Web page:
Views from Kansas: Title IX case not all that simple
Editor’s Note: Views from Kansas is a regular feature that highlights editorials and other viewpoints from across the state.
Two young women have dropped their federal lawsuit against Kansas State University, and in a limited sense that makes complete sense to us. Their case — which alleged that K-State should bear some of the blame for rapes that happened off-campus — never really added up, in legal terms.
But that doesn’t mean K-State can simply let the issue drop. Because in a broader sense, the women had a valid point.
The women, Tessa Farmer and Sara Weckhorst, had sued K-State in 2016 for violating Title IX, the federal law that bans discrimination in higher education on the basis of sex.
In their lawsuit, the women argued that K-State refused to investigate Weckhorst’s 2014 report that she was raped at a fraternity house and that the university’s “deliberate indifference” and lack of action led to another rape in Manhattan committed by the same person. Weckhorst’s rapist was convicted and sent to prison, but he was found not guilty in another case.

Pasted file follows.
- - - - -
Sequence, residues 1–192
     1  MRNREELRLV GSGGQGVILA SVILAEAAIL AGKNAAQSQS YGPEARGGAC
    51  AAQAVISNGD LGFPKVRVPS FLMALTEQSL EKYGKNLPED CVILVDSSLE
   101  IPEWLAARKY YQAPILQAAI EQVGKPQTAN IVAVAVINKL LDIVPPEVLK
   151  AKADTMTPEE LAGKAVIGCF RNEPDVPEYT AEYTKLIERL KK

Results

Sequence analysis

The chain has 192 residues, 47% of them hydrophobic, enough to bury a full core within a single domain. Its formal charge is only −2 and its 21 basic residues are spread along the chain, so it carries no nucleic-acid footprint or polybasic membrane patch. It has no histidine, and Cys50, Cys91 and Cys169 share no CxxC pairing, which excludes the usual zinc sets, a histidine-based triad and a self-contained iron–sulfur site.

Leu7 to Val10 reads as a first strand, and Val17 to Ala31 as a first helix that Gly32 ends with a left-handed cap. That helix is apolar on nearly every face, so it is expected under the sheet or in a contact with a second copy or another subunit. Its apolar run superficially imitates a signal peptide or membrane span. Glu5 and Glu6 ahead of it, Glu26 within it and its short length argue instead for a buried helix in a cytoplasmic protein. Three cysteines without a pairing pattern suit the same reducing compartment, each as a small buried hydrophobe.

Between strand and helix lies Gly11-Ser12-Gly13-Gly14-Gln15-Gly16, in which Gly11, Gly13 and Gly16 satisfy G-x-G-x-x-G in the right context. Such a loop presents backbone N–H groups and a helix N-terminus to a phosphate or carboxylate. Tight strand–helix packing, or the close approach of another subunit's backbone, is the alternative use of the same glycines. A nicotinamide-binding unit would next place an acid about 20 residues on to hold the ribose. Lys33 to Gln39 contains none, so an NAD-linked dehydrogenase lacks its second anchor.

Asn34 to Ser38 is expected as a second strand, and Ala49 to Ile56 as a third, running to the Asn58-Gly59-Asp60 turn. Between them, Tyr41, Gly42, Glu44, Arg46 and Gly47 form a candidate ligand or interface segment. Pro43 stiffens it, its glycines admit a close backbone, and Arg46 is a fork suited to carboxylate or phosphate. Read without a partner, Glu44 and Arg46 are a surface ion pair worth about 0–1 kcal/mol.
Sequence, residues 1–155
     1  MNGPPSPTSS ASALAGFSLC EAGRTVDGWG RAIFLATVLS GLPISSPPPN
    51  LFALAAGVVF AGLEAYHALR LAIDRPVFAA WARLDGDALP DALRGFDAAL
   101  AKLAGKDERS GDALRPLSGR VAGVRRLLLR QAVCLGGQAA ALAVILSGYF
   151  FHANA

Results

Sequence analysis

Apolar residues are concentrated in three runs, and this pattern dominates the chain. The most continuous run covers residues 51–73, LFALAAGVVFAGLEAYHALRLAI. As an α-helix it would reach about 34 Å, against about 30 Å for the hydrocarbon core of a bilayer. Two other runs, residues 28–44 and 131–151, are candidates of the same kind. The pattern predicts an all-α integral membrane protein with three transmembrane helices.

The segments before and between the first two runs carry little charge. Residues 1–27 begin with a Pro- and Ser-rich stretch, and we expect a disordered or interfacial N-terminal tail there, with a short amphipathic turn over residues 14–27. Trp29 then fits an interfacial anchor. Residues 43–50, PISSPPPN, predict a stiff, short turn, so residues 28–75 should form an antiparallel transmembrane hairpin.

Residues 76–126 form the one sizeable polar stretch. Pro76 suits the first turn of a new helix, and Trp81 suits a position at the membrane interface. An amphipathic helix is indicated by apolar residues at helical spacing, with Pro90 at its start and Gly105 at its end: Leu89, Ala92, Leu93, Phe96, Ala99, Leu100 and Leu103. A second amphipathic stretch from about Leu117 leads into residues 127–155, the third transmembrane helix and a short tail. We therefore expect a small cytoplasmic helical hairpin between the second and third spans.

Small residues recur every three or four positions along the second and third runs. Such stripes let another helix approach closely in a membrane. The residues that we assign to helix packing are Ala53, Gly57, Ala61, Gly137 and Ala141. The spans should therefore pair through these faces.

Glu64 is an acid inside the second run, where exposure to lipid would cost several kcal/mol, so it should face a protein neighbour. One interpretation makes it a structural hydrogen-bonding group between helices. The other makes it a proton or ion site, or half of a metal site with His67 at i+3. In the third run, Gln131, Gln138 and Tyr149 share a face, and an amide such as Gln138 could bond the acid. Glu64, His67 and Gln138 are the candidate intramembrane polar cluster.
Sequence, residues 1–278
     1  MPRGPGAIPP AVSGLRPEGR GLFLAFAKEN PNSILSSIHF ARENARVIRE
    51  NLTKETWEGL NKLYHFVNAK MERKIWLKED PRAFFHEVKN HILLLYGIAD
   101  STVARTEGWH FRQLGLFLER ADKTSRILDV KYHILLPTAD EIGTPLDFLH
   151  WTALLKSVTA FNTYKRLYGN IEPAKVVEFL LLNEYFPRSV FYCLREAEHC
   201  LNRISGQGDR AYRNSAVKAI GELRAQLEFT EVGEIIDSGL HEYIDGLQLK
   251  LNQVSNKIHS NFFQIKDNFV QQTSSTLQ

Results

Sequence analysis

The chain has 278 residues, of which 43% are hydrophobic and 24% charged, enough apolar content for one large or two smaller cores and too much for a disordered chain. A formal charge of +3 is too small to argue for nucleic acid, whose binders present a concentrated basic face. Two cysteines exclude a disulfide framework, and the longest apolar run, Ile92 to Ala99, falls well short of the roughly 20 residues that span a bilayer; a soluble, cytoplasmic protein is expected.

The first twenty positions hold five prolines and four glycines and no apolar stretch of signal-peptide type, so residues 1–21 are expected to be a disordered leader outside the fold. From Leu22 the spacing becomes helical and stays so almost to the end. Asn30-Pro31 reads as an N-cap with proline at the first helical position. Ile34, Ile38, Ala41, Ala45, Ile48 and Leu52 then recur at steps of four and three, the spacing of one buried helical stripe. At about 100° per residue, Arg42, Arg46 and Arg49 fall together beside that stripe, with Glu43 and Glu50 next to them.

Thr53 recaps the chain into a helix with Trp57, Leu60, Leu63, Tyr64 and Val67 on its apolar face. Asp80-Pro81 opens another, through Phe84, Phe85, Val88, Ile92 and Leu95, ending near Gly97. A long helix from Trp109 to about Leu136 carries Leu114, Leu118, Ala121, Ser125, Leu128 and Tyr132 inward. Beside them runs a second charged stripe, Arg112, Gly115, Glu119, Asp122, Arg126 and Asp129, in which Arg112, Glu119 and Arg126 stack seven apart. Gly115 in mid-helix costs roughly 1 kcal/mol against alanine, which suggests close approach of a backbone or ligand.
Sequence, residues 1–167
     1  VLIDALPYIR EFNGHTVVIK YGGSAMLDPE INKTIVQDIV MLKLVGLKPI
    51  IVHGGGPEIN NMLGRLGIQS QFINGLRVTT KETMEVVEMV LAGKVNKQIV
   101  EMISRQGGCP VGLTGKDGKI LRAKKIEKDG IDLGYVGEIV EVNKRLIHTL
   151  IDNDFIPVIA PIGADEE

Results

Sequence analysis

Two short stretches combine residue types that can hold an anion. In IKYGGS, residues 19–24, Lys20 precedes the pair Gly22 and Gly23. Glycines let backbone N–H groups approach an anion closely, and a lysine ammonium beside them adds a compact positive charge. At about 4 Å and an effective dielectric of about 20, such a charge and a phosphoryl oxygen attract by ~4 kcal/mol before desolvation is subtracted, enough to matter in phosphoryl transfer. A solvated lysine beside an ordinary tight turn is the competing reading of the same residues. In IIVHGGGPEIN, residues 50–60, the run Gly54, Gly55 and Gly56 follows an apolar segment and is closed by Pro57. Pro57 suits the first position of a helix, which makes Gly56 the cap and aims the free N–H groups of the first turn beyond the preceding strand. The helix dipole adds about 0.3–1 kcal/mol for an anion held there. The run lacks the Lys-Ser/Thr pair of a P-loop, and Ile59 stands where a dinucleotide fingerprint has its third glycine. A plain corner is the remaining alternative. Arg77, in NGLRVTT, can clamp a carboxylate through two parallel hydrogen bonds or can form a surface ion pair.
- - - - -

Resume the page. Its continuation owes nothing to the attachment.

K-State has held for many years that it is not obligated to police off-campus housing, including fraternities. We agree, and ultimately that’s why the lawsuit evaporated. If the women’s goal was actually to win in court, they failed, and probably never had much of a shot.
But we doubt that was their real goal. Their real goal, in connection with other similar lawsuits and campaigns around the country, was to raise the profile of the issue. On that, they certainly succeeded. The case made it to the front page of The New York Times, for instance.
And their point, in many ways, is valid. What happens in a fraternity house might not be legally the responsibility of the university, but common sense says that what happens in those places is intimately connected to the college experience of the young men who live there and to the young women who visit.
The university can’t divorce itself from fraternities, and it shouldn’t. It simply needs to do everything it can to enforce standards of acceptable behavior, and it needs to make certain there are appropriate channels for handling complaints. We’re confident that’s happening now, and we’re confident that it will get better as a result of this experience.
For that, we need to thank the two young women who had the guts to sue.
— Originally published in The Manhattan Mercury